Derek Cox (Chris Gardner/AP)
When Jacksonville selected Derek Cox in the third round of the NFL Draft, Jaguars fans scurried to their computers in hopes of learning more about the William and Mary product.
A Google search left many Jacksonville fans dumbfounded, as it was unfathomable that the team could spend such a high draft pick on the relatively unknown cornerback. Although the pick was considered to be somewhat of a reach, this wasn’t the first time the Jaguars reached into FCS land early on in the draft to take a talented defender, as the team has had success in recent memory with small-school products such as Rashean Mathis (Bethune-Cookman, 39th overall selection) and Justin Durant (Hampton, 48th overall selection.)
The Jaguars’ brass knows that taking Cox so high might be scrutinized by some, but that comes with the territory of drafting a guy who isn’t on the national radar screen.
“Much like when you take a guy like Rashean (Mathis) who comes from a smaller school and people say ‘Who? How can you take him there?’ Well, we feel good about having selected him,” said Jacksonville head coach, Jack Del Rio.
The Jaguars are certainly hoping that Cox can have a Mathis-like impact, as the team is desperately looking for second corner. Del Rio and company are high on the third-round selection and they believe that they have acquired a steal.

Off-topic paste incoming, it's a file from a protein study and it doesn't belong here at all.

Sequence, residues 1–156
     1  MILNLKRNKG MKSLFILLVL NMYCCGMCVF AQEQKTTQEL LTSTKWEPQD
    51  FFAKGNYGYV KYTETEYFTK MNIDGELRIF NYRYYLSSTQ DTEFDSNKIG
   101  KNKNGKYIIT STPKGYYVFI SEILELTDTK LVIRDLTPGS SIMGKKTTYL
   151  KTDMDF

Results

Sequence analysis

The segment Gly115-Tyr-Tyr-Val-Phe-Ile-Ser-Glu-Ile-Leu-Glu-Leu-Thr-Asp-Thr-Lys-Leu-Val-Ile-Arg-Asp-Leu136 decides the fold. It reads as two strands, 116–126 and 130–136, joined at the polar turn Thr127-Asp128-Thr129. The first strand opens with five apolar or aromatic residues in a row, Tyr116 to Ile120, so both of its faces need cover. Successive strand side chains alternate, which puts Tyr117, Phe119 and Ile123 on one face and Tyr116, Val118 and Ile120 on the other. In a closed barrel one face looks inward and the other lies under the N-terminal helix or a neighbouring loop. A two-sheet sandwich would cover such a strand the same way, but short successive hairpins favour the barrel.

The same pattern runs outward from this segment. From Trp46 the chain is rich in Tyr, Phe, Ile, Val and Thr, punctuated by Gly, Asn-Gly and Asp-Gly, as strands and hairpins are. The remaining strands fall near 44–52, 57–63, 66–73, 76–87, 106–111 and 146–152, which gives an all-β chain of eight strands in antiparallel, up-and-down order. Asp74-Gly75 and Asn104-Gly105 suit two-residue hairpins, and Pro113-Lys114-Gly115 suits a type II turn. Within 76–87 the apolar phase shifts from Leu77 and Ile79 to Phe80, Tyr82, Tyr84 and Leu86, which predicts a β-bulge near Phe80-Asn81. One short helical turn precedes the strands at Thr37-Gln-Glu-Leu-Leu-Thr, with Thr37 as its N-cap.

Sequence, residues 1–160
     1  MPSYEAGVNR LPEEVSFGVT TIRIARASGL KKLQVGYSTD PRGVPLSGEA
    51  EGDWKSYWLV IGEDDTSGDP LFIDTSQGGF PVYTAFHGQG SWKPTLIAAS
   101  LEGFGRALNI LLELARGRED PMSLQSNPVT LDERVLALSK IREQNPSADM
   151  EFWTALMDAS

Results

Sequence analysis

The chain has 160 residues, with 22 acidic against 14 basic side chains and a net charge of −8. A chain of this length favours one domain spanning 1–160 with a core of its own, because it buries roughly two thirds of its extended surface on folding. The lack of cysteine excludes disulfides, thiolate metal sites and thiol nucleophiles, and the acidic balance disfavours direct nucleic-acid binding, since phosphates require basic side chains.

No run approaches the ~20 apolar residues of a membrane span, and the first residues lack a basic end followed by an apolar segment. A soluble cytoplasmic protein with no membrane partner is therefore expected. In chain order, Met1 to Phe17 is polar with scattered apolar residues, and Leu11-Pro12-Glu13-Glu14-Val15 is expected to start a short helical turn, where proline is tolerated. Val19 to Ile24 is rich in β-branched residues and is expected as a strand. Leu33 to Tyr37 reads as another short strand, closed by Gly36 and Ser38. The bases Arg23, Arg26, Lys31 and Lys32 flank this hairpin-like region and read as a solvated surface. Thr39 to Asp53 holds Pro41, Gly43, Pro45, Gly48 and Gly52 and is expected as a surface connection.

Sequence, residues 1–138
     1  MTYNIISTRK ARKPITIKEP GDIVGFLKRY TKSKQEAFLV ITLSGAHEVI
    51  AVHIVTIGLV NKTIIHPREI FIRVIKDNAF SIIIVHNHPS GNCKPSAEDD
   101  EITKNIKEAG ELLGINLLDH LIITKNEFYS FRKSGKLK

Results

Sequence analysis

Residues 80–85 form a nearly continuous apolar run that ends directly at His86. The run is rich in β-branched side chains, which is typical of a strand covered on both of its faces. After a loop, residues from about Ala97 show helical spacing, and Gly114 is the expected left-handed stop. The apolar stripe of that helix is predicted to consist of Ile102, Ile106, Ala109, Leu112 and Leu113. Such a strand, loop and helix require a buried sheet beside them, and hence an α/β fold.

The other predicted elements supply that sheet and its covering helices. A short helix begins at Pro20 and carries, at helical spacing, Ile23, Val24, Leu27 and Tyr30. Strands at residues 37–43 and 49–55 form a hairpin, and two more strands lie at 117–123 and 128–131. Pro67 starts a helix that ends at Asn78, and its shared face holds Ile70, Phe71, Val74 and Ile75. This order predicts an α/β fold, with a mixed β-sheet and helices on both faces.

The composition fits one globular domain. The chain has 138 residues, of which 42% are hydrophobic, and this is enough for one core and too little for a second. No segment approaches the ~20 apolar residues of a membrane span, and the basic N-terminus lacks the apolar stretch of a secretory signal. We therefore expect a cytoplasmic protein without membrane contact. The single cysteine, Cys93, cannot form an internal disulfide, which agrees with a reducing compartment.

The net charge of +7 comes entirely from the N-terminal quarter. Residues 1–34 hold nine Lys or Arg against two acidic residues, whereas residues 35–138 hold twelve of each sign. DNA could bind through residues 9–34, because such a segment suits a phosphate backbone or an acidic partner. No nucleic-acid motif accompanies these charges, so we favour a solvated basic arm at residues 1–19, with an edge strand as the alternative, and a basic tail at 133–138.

“Derek Cox, we’re very excited about,” added Del Rio. “We think he’s got a special skill set. We think that if it weren’t for coming out of a small school, he would go much higher in the draft and everybody would know who he is.”
Derek Cox as a Jaguar (Kosovac/JagNation)
At 6’1”, 186 lbs., Cox has all the measurables that one could ask for. Aside from prototypical size, Cox has 4.4 speed (and has even broke into the 4.3s) and quickness (he ran 6.8 second three-cone drill). He also had the best broad jump of any player entering the draft this past year, with 11’8”.
With excellent combine numbers, some might see Cox as a workout-warrior, but his on-field production warrants a second look. A four-year starter, Cox totaled just nine interceptions in his career, but those numbers are deceiving. Opposing teams routinely looked away from his side of the field and when they did, he made them pay, as he averaged .82 passes defensed per game as a senior. In 2008, he also returned two picks for touchdowns. Although he isn’t particularly strong, Cox has demonstrated the willingness to make contact with runners and he rarely shies away from the ball carrier.
A wiry player, Cox gains a lot of ground quickly, as he is a long strider who can get going once he picks up speed and gets into the open field. This nimbleness has not only enabled Cox to become a big-play specialist once he picks off a pass, but also an elite punt returner as well. He averaged over 16 yards per punt return and took two back for touchdowns.
The biggest knock on Cox was and still is that he didn’t routinely go against big-time competition in college, but in his time as a starter, Cox has lined up against the likes of N.C. State, Maryland and Virginia Tech. The Tribe also narrowly lost this past season to a Richmond team that won the FCS championship.
Cox, who was a two-time captain for William and Mary, comes from a school that has produced little NFL talent, but other Tribe alumnus includes former All-Pro Darren Sharper and Texas Tech head coach, Mike Leach.
A career like Sharper’s would make the Jaguars’ ecstatic. Likening Cox to Pro Bowler defensive backs like Sharper or Mathis might be a little premature, but those are the expectations that you face when you’re taken that high. Cox has hype around him and his production will be closely scrutinized, but he has been making plays his entire career, so there’s no reason to believe that he will stop now.
For more, go to: JagNation.com